She smiled and waved to Mrs. Crenshaw as she drove by.

“Was she really peering around the edge of her door?”

Donna flicked her turn signal on. “Yes. She’s a fixture around town. Runs the Purple Tearoom and Antiques shop. She returned to town to retire twenty years ago. World class entomologist, has the most amazing collection of butterflies from around the world. Also the great-granddaughter of the town founder.” She pulled into a parking space. “Here we are.”

Mr. Coffey looked through the windshield. “Wow. This is beautiful.” He opened his door and followed her into the building.

Donna turned left after they walked past the entrance to the library, pulled out her keys and unlocked a heavy steel door. “Hang on while I get the lights.” She walked into the darkness, found the switch and the hallway was flooded with light. “Okay. Storage is down this way.” She waited until he was beside her then led the way past several doors until they came to another steel door. She slid the key in the lock. “Science lab. Completely sealed with no windows.” She smiled and shook her head. “It’s rumored that they did top secret work in here during the early days of the cold war.” The door opened and lights came on. “But my grandfather said his shop class got permission to do a practice remodel on the lab to make it like a bomb shelter.”

“You grew up here?” He asked.

“Until I went to college, then training academy. I was accepted and served with the state police for a year.” She swallowed. “Then dad got cancer and I came home to help mom.”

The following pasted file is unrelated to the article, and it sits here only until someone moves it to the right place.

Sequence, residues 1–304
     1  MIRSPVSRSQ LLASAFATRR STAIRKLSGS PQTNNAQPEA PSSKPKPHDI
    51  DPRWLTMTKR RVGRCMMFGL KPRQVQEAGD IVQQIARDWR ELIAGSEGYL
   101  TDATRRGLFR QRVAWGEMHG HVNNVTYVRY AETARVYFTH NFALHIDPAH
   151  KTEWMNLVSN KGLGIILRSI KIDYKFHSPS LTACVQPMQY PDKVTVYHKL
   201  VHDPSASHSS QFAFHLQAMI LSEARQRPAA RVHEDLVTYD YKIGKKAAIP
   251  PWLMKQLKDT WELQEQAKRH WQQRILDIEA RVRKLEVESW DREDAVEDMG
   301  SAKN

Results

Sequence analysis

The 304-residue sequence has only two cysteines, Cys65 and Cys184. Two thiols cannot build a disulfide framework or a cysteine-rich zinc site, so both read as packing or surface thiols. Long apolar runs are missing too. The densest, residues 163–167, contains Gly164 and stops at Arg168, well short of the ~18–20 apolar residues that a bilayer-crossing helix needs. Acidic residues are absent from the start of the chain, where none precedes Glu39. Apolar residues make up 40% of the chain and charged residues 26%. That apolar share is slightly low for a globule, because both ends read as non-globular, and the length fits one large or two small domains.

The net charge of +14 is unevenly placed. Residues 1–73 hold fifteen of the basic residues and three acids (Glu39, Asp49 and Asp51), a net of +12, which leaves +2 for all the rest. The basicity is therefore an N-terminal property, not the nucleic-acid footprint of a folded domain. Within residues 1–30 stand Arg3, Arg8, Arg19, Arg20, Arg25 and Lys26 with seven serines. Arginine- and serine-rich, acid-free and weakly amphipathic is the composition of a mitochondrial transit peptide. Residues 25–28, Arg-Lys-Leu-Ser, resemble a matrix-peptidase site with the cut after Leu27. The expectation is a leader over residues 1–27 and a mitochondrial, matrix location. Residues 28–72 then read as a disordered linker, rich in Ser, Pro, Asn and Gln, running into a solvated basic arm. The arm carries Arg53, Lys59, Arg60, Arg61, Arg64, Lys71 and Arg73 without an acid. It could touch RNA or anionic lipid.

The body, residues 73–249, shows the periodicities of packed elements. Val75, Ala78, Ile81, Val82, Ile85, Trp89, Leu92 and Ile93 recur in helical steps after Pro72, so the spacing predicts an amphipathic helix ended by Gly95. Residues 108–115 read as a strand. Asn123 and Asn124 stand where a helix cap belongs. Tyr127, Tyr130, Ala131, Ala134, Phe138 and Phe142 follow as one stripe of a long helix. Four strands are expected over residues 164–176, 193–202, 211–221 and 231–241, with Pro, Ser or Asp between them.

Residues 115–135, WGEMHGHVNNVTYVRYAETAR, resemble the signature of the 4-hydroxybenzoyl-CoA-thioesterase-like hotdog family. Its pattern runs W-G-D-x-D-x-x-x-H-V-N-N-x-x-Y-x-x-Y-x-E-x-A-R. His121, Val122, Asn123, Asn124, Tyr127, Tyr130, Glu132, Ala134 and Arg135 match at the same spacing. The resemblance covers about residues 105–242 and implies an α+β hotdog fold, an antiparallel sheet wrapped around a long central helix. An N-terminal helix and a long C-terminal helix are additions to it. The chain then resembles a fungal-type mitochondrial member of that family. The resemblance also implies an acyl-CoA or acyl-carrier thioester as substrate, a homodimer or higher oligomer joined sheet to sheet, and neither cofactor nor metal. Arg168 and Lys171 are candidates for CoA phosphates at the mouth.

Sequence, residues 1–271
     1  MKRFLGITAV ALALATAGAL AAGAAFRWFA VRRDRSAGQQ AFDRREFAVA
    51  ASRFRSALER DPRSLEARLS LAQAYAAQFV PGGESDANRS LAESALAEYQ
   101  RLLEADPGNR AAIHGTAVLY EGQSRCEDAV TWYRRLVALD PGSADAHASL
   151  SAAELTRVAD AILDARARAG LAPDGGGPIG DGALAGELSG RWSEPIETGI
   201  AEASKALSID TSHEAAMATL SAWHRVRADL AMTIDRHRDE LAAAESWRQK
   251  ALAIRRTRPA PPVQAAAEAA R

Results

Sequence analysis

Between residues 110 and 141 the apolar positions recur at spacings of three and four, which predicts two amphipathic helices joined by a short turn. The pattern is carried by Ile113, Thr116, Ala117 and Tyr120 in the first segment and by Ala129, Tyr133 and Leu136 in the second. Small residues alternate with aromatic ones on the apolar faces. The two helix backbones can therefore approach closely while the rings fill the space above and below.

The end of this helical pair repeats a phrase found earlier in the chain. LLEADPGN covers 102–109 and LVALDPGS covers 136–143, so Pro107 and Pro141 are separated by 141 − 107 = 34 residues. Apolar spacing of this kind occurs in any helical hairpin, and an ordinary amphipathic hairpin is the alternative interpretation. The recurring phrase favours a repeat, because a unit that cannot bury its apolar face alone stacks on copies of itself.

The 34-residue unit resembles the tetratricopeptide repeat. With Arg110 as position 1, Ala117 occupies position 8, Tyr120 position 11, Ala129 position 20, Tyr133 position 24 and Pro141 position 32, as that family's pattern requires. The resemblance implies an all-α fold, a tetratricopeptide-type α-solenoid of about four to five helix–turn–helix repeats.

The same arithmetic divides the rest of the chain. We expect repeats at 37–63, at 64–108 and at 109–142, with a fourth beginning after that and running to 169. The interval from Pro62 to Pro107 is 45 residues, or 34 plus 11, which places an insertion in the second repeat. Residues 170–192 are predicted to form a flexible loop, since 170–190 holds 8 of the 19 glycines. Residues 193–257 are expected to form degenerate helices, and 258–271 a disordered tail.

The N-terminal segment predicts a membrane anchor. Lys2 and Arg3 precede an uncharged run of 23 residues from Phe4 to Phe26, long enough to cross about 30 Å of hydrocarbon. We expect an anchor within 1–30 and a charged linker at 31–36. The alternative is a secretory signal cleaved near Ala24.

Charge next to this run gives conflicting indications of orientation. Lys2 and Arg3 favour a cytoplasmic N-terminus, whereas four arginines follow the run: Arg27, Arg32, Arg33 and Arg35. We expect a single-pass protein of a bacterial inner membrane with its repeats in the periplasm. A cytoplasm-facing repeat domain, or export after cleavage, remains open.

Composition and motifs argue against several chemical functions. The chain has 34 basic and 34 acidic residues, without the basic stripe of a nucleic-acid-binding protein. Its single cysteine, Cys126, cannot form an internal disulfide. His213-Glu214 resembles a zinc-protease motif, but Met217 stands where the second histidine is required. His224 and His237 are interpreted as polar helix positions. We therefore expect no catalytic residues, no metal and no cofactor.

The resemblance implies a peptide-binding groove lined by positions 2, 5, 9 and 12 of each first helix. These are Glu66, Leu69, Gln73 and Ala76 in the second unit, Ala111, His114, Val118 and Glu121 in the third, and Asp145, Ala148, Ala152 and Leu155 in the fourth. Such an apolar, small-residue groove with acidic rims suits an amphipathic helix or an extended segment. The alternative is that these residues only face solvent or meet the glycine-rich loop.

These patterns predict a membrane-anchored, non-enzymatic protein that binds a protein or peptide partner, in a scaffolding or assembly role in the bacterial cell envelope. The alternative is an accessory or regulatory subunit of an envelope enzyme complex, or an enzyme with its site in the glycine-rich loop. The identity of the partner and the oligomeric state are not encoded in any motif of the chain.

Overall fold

“I’m sorry.”

She glanced and smiled at him. “Thanks.” She looked around. “Okay. We want box …” she thought. “1375. It should be over here.” She led the way, glancing at the floor. “Here we go. Aisle 13.” She found the right box on top of a stack. Opening it, she sorted through the files. “Okay, we’re ready to go.” She looked up to find him looking past her. She turned but could only see the wall at the end of the row. “Something wrong?”

“That’s an inside wall, right?”

Donna looked back at the door remembering their route. “Yes.”

“It doesn’t fit.” He pointed. “And the file boxes are stacked oddly. Like they’ve been moved and put back in a hurry.”

She looked at the area, then around them. “Hmm. The boxes are …” she walked toward the back wall. She ran her finger along the top box, then checked the numbers written on the end of the boxes. “No dust and all of them are out of sequence, like they were restacked without paying attention. There are only two of us who have keys. Not even the fire department has access to this room like they do the rest of the building.”

He had walked past her and was looking at the wall. He walked to the corner where it met the outside wall and rapped on each one.

She crossed to the odd shaped corner and rapped on the wall. She pulled out her flashlight and shown it in where the walls met.

“Scrape marks.” They both said.

He pointed to the floor and followed more faint marks to the crooked stack of boxes.

Shaking her head she pushed on the wall. Nothing. She pointed. “Push on the pivot point?”

“How about looking under the boxes?”

She nodded and watched as he restacked the boxes to the side. She stood next to him as they stared at the exposed floor. After a moment she moved her foot and tapped on the exposed floor. Then she stood on it and bounced. She glanced at him and grinned. “Too many old movies.”

He smiled. “I was thinking the same thing.” He gestured. “No book shelves or wall sconces. Maybe it is a pivot point. Easiest thing to do when you build it.” Noticing her raised eyebrow, he said. “Worked for contractors during high school and college.”

“Okay.” She walked over to the wall. “Here?” She nodded at the odd corner that stuck out into the room.

He shrugged. “Either here or there.” He pointed to the other corner.

They pushed and the wall swung open with a faint rasp. A light came on, followed by a loud chittering sound.

Deputy Sheriff Holslaw drew her service weapon.

********To Be Continued*******